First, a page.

I’d panic daily. That’s what we do when we’re scared for the welfare of a loved one. If you’re involved with someone delving deeper into depression, if you know someone is suicidal, that’s not a burden you need to carry alone, especially if you’re feeling overwhelmed by it all. There are crisis lines. They provide a world of help when you think there’s no place else to turn. Me, that’s the only place I turned. They told me to talk to her doctor, and I wish I had. I didn’t.
It would be two years later, when violent rage overtook my mother for no good reason, and she hurled this heavy metal block at my head, missing me by an inch. The wall was cracked open where it hit. I can’t imagine what it would’ve done to me had it hit me.
Being a well-read girl, though, I had heard about this drug called Halcyon, and I finally realized my mother was having a chemical reaction to her sleeping pill. I confronted her, we threw the drugs out, and while she’d battle depression until her death, it never again got out of control like that.
The only time we ever discussed that attempt of hers was about nine years after it happened, in the weeks leading up to her death. I’d just taken a three-week long road trip solo through the western US and got a lot of thinking and writing done. At the time, we didn’t know her death was imminent. I told her how much it’d fucked me up and for how long, and how I discovered I was still angry that she’d used me in that way, and told her so.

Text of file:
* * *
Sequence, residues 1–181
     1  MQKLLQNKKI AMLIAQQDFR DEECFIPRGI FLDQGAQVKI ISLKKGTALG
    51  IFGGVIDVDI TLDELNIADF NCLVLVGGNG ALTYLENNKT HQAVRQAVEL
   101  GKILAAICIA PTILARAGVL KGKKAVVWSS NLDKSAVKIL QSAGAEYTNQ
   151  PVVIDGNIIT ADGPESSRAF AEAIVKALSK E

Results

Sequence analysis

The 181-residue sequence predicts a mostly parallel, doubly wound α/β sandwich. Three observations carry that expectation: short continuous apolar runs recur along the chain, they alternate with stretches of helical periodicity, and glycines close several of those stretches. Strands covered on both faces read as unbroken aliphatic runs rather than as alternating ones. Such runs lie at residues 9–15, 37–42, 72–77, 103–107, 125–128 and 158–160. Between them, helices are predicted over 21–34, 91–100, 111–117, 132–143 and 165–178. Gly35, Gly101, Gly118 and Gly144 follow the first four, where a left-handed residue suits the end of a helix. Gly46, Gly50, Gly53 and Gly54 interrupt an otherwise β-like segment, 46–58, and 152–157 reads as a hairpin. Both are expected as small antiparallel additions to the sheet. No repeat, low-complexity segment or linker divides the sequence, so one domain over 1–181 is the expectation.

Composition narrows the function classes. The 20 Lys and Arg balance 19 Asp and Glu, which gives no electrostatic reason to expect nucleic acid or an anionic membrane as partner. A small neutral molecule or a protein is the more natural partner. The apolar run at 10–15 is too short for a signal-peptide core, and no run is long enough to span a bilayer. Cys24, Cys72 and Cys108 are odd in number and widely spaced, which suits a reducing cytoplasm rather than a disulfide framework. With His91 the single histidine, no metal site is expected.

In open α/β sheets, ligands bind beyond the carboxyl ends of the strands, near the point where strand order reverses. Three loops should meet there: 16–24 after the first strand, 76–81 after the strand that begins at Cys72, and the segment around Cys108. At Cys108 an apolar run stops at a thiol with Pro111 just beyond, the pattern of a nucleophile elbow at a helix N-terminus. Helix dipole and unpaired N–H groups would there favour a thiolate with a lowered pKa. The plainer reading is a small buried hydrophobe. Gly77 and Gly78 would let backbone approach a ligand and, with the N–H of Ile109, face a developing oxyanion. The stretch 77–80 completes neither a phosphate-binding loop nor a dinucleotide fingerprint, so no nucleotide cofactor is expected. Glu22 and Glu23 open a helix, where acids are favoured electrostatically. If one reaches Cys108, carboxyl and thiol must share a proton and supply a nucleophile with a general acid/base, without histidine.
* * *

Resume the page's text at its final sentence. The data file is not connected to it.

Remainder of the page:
Her response? She apologized, but said she remembered nothing. Not a thing. Most of those two years were lost in a fog.
I guess my point is two-fold. One, don’t assume that someone has meant to bring anguish to you through their selfish actions. Sometimes, they’re just in such a disconnect that they don’t know any better. Sometimes, forgiving needs to happen on your part. (But if they’re hurting you repeatedly, or physically, you need to seriously consider walking. She had two events, and that was all. Between those, we had a good life together.) Two, you cannot expect to carry burdens alone. Some secrets are not made for keeping. Reach out to friends, and if you feel you can’t, use the crisis line. Had I done so, my mother wouldn’t have gotten violent when I was 18.
But we live and we learn, and sometimes we’re just lucky enough to hear about someone else’s experiences before we have to endure them ourselves. Learn from mine. Don’t be alone when you don’t need to be.
1. Crisis lines are found in almost every city of every province in Canada, and I would assume the same to be true for the US and many other forward-thinking countries.
2. I now never, ever let an argument fester. I never, ever go to bed angry. I talk through everything. Time heals all wounds? Conversation’s a pretty good start, too. You never know when someone’s tether’s gonna come undone.
3. I cannot recommend William Styron’s brilliant book Darkness Visible: A Memoir of Madness enough. In it he chronicles his chemically-induced descent into suicidal tendencies. I think it should be mandatory reading for anyone confronted with depression — theirs or a loved one’s.